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Fig 1. Mutation spectrum of Epstein-Barr virus (EBV)-positive diffuse large B-cell lymphoma shown by whole-exome sequencing.

Frequency of substitutions in each sample for the six possible classes of mutation. The most common substitution was the transition C>T/G>A, followed by T>C/A>G.

https://doi.org/10.1371/journal.pone.0201546.g001

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Fig 2. Distribution of mutations in different genome regions of Epstein-Barr virus (EBV)-positive diffuse large B-cell lymphoma detected by whole-exome sequencing.

(A) The percentages of mutations in different regions of EBV+ DLBCL cases. The percentage of mutations in exonic regions ranged from 3.49%–22.68% among these 11 cases. (B) We identified 3326 protein-coding genes with somatic mutations affecting exonic regions, with a range from 200 to 410 per case.

https://doi.org/10.1371/journal.pone.0201546.g002

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Table 3. Comparison of the numbers of mutated genes in exonic regions, and ratio to total mutations detected by WES in 11 EBV+ DLBCL cases according to age and pathological subtype.

https://doi.org/10.1371/journal.pone.0201546.t003

Single-nucleotide variants (SNVs) and indels shown by WES

Fig 3 presents an overview of our data analysis strategy. Across 11 EBV+ DLBCL samples, we detected an average of 2428 SNVs/case (range, 1132–7379) and 1670 indels/case (range, 220–4517) (Fig 3A and S4 Table). We focused on the somatic SNVs identified in tumor DNA (Fig 3B), finding an average of 220 somatically acquired point mutations/case (range, 126–358). Of these, 168 (105–252) were non-synonymous and 81 (52–149) were synonymous. Thus, the ratio of non-synonymous to synonymous SNVs was 2.08 (0.95–2.67) mutations per Mb (S4 Table). The numbers of SNVs and indels did not significantly differ between age groups or subtype groups (S5 Table).

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Fig 3. An overview of the data analysis strategy for single-nucleotide variations (SNVs) and indels shown by whole-exome sequencing.

On average, we identified 220 (range, 126–358) somatically acquired point mutations per case. Of these, an average of 168 (range, 105–252) were non-synonymous and 81 (range, 52–149) were synonymous. Thus, the ratio of non-synonymous to synonymous was 2.08 (0.95–2.67) mutations per Mb.

https://doi.org/10.1371/journal.pone.0201546.g003

Signatures and intratumor clonal heterogeneity of EBV+ DLBCL

To identify the potential contributions of mutational processes within single EBV+ DLBCL genomes, we applied the deconstructSigs method to this mutation set of 11 EBV+ DLBCL tumors. This analysis uncovered four mutational signatures (Fig 4A): signatures 3, 5, 12, and 30 (http://cancer.sanger.ac.uk/cosmic). The main type was signature 3 (Fig 4A), which was characterized by C>G, C>A, and C>T mutations, associated with failure of DNA double-strand break repair by homologous recombination, and strongly related to elevated numbers of large (>3 bp) insertions and deletions with overlapping microhomology at breakpoint junctions. Signatures 5 and 12 were both characterized by T>C, C>T, and C>A mutations. Although both etiologies are unknown, signature 12 has been found in liver cancer samples, while signature 5 has been found in all cancer types and most cancer samples and exhibits a strong transcriptional strand bias for T>C substitutions. Signature 30 was characterized by predominant C>T mutations. Although its etiology is unknown, it has been observed in a small subset of breast cancers samples. Notably, tumors 2 (Patho NO.T 503986) and 7 (Patho NO.A634677) displayed higher values, indicating possible sampling of different subclonal populations or significant differences in tumor heterogeneity between cases.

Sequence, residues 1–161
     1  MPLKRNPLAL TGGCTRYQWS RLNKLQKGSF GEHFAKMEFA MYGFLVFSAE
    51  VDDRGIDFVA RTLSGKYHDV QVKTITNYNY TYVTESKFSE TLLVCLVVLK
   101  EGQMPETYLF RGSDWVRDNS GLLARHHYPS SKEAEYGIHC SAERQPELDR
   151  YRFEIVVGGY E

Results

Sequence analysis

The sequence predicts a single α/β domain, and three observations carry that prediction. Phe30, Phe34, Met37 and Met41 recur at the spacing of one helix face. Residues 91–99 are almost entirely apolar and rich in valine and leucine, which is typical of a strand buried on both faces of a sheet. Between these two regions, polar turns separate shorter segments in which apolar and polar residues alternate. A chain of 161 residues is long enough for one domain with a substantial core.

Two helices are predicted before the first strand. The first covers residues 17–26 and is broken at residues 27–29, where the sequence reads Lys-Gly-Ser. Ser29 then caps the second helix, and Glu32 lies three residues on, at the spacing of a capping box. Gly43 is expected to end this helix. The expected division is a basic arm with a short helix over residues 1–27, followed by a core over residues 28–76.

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Fig 4. Signatures of mutational processes and intratumor clonal heterogeneity of EBV+ DLBCL cases.

The DeconstructSigs method was applied, which uncovered four mutational signatures (Fig 4A), including signatures 3, 5, 12, and 30. Among these signatures, signature 3 was the main type. MATH scores were used to evaluate intratumor clonal heterogeneity (Fig 4B), revealing allele frequency distribution values of between 47 and 86 for the tumors.

https://doi.org/10.1371/journal.pone.0201546.g004